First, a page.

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Tampa Bay Buccaneers

The Here and Now

Simeon Rice concedes that his Bucs learned some tough lessons in 2003, but he isn’t looking towards that season, or the Patriots’ championship rebound, for inspiration


DE Simeon Rice has attacked his 2004 preparations with the same intensity and enjoyment as ever

Simeon Rice had 15 sacks last year, more than all but two players in the NFL. Rice had 15.5 sacks in 2002, second in all the NFL. The Tampa Bay Buccaneer defensive end is the only man with at least 15 sacks in each of the last two years.

At age 30 and clearly still in his prime, Rice is in as good a shape as any player in the NFL. So what is he capable of in 2004, this man with the most sacks in the league since December of 2001? A new Buccaneer single-season record, which would take 17 sacks? The magic 20-sack mark? A run at Michael Strahan's three-year-old record of 22.5?

You likely won't hear any predictions that specific from Rice, who leans more towards introspection than statistics in his discussions of the game. Still, Rice isn't lacking in confidence – he says, matter-of-factly, "I still feel like I'm the greatest player in this league" – and he reveals his attitude towards such milestones in his philosophy on football…and life, for that matter.

"Nothing is impossible," Rice recently said. "Everything is possible."

Obviously, he can wax semi-poetic on almost any topic, so when someone compared the Bucs' current situation to that of the New England Patriots, league champs in 2001 and 2003 despite a down year in 2002, Rice's opinion was immediately sought.

But he wasn't going to bite on that one. To Rice, New England's return to glory was just more evidence that anything can happen – that just about everything has happened already. The Patriots' success may be inspiring, but it won't really help the Bucs when their own challenges arise this year. Rice says the Bucs have to work hard in order to be prepared to meet those challenges, to meet them better than they did in 2003.

"Everything is a testimony," said Rice. "Somebody else has done it. We'll be faced with the certain situations we were faced with last year. We'll react to it and respond. If we plan to be successful as we say we are and if we work as hard as we say we are doing, I think we'll obtain the things that we truly want."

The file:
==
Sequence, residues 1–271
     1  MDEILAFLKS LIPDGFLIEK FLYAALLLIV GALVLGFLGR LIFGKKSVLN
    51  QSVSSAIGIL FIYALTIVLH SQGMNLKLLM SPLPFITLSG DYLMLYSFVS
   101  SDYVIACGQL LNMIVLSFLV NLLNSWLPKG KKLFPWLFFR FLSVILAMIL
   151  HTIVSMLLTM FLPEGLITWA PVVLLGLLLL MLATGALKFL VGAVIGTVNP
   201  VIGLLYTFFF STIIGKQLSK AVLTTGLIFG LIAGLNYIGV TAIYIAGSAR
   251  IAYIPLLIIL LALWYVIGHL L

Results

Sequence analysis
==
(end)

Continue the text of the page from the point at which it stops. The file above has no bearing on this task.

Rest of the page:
What quickens Rice's step (if that's possible) is not spiritual pick-me-ups from New England or even the remaining glow of the Bucs' championship season in between the Patriots' two. It's the evidence he sees around him on the practice field, the talent the Bucs will bring with them to this year's camp in a few short weeks.

"What sustains us is our ability, our effort, what we do on the field and that will take us back to the next level, not the fact that somebody has done it before," Rice said.

"I still think our best players are on defense. So obviously I'd imagine we are going to have a little bit more of an edge on the defensive side of the ball. We have a lot of stabilizers on defense that are still around. We still have perennial All-Pros on defense. So we are going to be okay. And offensively we are just getting better. If we are playing at the top of the heap offensively and defensively that's going to be something special."

Rice may be more of a focal point than ever on the Bucs' defense this year, given the changes taking place on the front line. Rice will remain a force off the right end, of course, and starting left end Greg Spires returns. But Warren Sapp's departure moves Anthony McFarland into the under tackle spot – where many believe he will break out – and puts a new starter in at nose tackle. In addition, second-year man Dewayne White will be pushing for more playing time, and the Bucs will use camp to sift through such veteran depth as Lamar King, Darrell Russell and Reinard Wilson.

Rice, who has made a point of providing after-practice help to such young linemen as White and Ellis Wyms, believes that line is primed for some big things.

"I feel real good, I feel really good," he said. "We're getting better. There's a lot of competition. There's a lot of energy. Us playing on the field with the efforts and energy that we have is going to take us to the next level."

Rice clearly lives in the here and now, which means he'll soon be fully focused on honing his game in the stifling Orlando heat. Still, even he concedes that the memory of the Bucs' 2003 season lingers, and that it must be overcome.

"It was a shared experience that we can all take from," he said. "We learn from it, we build on it and we move forward. And we wash our hands of it. We know that we were there, and understand that, and move this thing where we're trying to go to the next level

"This is another year to build on it, it's another rite of passage. So whatever we get in the end, we earn."

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